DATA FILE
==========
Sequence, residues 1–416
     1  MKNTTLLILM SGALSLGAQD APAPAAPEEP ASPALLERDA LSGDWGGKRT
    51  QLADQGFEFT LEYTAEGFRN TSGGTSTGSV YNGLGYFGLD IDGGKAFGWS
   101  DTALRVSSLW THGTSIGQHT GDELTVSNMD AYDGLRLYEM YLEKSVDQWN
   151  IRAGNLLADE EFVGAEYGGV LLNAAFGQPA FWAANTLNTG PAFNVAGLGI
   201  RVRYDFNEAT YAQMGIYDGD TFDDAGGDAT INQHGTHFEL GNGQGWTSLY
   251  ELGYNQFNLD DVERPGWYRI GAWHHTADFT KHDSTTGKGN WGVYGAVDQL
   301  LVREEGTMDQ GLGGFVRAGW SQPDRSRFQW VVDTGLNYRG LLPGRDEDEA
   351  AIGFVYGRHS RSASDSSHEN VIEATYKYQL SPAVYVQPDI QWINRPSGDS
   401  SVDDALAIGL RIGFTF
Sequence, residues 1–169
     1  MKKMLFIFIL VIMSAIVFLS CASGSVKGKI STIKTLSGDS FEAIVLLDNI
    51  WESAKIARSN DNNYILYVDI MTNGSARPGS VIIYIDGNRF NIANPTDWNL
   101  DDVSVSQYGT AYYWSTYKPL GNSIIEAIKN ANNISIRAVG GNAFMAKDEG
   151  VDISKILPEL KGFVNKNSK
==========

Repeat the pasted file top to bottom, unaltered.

Sequence, residues 1–416
     1  MKNTTLLILM SGALSLGAQD APAPAAPEEP ASPALLERDA LSGDWGGKRT
    51  QLADQGFEFT LEYTAEGFRN TSGGTSTGSV YNGLGYFGLD IDGGKAFGWS
   101  DTALRVSSLW THGTSIGQHT GDELTVSNMD AYDGLRLYEM YLEKSVDQWN
   151  IRAGNLLADE EFVGAEYGGV LLNAAFGQPA FWAANTLNTG PAFNVAGLGI
   201  RVRYDFNEAT YAQMGIYDGD TFDDAGGDAT INQHGTHFEL GNGQGWTSLY
   251  ELGYNQFNLD DVERPGWYRI GAWHHTADFT KHDSTTGKGN WGVYGAVDQL
   301  LVREEGTMDQ GLGGFVRAGW SQPDRSRFQW VVDTGLNYRG LLPGRDEDEA
   351  AIGFVYGRHS RSASDSSHEN VIEATYKYQL SPAVYVQPDI QWINRPSGDS
   401  SVDDALAIGL RIGFTF
Sequence, residues 1–169
     1  MKKMLFIFIL VIMSAIVFLS CASGSVKGKI STIKTLSGDS FEAIVLLDNI
    51  WESAKIARSN DNNYILYVDI MTNGSARPGS VIIYIDGNRF NIANPTDWNL
   101  DDVSVSQYGT AYYWSTYKPL GNSIIEAIKN ANNISIRAVG GNAFMAKDEG
   151  VDISKILPEL KGFVNKNSK